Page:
LONDON • Close by Westminster Bridge and the Houses of Parliament, there stands the statue of a woman brandishing a spear.
Erected in 1902, it portrays Boudicca, the warrior queen who, in the words of the inscription on the statue's plinth, "died AD61, after leading her people against the Roman invader". As Britain prepares to vote next month on whether to leave the European Union, the story of Boudicca serves as a reminder that the tradition of British euroscepticism is an ancient one. Her statue, complete with rearing horses and a chariot armed with scythes on its hubcaps, seems to capture the spirit of Brexit.
It is also a reminder, though, that belonging to a European superstate can bring benefits as well as drawbacks. The location of Boudicca's statue, in the heart of London, right by the seat of government, is not without its ironies. It was the Romans who founded the British capital: Londinium.
Boudicca's sole contribution to its development was to massacre its inhabitants and raze it - a calamity for the city that ranks with the Great Fire and the Blitz. Although her uprising was soon crushed by the Roman legions, her presence next to the Houses of Parliament is, in a sense, as inappropriate as a statue of General Sherman would be outside the Capitol in Atlanta.
How do the British principally identify themselves: As an island nation or a European people? This question, which lies at the heart of the referendum on whether Britain should quit membership in the European Union, is one tortured with ambivalences.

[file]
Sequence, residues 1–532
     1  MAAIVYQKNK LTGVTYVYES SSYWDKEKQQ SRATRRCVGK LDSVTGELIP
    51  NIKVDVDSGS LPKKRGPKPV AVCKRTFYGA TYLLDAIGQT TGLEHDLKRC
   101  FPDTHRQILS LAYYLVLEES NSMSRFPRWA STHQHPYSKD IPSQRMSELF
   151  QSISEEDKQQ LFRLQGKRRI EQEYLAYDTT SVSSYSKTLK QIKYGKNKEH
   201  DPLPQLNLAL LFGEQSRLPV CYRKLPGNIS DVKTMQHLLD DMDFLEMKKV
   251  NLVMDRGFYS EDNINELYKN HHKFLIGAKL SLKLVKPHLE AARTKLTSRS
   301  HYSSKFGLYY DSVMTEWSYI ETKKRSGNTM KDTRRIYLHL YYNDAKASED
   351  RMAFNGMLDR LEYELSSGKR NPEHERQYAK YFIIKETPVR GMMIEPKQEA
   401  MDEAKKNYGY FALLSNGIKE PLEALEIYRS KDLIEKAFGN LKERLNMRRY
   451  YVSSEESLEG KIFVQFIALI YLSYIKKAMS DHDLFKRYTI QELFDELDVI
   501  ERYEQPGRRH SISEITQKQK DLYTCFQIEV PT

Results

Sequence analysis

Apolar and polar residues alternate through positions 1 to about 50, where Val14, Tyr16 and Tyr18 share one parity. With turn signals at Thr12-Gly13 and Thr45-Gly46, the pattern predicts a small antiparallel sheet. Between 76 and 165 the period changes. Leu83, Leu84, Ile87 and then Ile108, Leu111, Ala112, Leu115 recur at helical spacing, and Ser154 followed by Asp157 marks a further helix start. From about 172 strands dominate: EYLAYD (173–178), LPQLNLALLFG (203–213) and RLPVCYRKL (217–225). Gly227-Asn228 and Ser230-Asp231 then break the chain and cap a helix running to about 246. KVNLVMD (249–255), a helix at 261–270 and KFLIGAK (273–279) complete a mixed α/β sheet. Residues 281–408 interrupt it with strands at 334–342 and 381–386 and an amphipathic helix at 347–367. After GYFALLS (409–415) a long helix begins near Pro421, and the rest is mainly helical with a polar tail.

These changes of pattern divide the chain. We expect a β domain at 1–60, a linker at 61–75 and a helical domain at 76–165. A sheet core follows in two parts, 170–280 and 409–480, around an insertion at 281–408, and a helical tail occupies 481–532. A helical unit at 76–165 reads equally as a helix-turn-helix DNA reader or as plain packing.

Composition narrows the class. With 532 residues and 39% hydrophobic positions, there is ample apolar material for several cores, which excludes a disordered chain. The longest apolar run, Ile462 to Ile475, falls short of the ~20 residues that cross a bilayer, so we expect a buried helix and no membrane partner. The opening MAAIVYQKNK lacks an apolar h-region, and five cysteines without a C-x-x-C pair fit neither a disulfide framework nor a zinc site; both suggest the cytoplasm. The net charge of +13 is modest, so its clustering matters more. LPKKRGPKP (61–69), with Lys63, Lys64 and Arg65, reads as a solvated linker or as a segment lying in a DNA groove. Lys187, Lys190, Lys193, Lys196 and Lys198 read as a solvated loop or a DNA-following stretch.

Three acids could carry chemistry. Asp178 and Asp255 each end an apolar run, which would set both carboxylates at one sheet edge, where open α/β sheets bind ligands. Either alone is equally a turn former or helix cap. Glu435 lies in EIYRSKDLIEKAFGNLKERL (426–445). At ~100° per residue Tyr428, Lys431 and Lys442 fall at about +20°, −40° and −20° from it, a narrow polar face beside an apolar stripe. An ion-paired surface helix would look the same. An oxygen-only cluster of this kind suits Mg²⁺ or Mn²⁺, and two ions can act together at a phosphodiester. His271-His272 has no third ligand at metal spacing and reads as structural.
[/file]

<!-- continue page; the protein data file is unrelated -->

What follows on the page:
In Latin, Boudicca meant Victoria - so perhaps it was only fitting that the statue of the queen who defied the Roman Empire should have been given the face of the monarch who presided over Britain's own imperial heyday. Classically educated, patriotic Victorians - even as they revelled in their country's glorious isolation from the continent - found it hard not to identify the British Empire with the Pax Romana. Many, as a result, were predisposed to view the defeat of Boudicca's attempt at Brexit as a thoroughly good thing.
Typical was Francis Haverfield, an eminent archaeologist who was the first to examine closely how Britain, under occupation by Rome's legions, had been absorbed into the Roman order. In 1905, three years after the statue of Boudicca had been winched into position, Haverfield declared himself on the side of the invaders.